The England national football team has been handed yet another blow, as if any more were needed after last summer's World Cup humiliation, after an adviser to Michel Platini, the UEFA President, revealed that he believes the position football holds in English culture is holding back the long-term development and short-term international success of the sport.
William Gaillard believes that the manner in which professional football dominates the sport in England, with the Premier League one of the richest and most famous leagues in world football, leaves the English FA in a relatively weak position. His words were spoken to the government's culture, media, and sport committee, who were fairly shocked to hear that the FA are, in his opinion, in a weaker position than any other football association in the whole of Europe.
Possible solutions to this conundrum, according to the UEFA adviser, include introducing a technical director on the national football scene, who would be responsible for developing players and bringing them through into the country's senior first team. With countries such as Netherlands, who enjoyed such a good World Cup in 2010 in South Africa, employing such an individual to encourage the development of young talent, it could be that the government look at introducing such measures over the next five or ten years.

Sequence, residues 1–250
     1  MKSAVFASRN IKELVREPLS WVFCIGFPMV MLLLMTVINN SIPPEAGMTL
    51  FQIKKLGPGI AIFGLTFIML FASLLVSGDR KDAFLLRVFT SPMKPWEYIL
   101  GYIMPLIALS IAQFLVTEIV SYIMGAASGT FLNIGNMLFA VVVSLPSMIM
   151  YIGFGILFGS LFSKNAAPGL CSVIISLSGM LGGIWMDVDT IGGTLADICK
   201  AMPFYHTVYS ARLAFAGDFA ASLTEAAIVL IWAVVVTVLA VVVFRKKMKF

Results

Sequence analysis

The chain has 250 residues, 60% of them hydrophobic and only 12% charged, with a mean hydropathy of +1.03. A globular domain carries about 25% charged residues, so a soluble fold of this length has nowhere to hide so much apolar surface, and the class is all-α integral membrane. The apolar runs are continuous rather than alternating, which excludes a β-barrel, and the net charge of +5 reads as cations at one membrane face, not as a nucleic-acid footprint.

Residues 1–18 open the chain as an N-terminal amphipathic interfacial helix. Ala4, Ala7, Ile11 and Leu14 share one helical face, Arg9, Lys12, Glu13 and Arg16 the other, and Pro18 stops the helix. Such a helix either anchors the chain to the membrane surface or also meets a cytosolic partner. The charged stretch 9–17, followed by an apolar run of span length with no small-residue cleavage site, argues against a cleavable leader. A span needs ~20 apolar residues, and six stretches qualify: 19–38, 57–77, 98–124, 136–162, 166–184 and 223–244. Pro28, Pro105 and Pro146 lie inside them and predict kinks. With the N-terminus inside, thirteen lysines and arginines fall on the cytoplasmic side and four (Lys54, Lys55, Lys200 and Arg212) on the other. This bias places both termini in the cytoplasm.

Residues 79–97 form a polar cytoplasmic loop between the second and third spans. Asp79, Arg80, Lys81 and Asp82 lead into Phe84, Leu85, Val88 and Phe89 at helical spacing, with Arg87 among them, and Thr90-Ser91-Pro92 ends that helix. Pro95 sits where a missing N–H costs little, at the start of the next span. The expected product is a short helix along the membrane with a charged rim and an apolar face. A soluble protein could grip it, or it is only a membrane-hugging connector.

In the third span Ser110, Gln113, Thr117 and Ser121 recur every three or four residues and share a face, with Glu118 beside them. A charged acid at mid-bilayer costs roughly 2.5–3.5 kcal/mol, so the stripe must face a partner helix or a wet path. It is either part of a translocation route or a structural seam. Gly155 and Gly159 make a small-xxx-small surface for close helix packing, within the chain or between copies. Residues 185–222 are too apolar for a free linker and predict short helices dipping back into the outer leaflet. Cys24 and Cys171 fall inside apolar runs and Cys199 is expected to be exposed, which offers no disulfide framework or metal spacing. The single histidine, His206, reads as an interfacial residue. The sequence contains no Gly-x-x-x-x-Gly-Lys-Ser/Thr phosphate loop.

Grass-roots football in England has come under massive amounts of criticism over the last few years and a reliance in the Premier League upon foreign players, many of whom are more interested in accruing as many sponsors as possible or becoming the latest face of the new LED TVs or PS3 accessories than they are helping the development of UK football, has led to some youngsters born and bred in youth academies here to be ignored. If England want to win a major trophy within the next 10 years, they need to reverse what has become a damaging trend.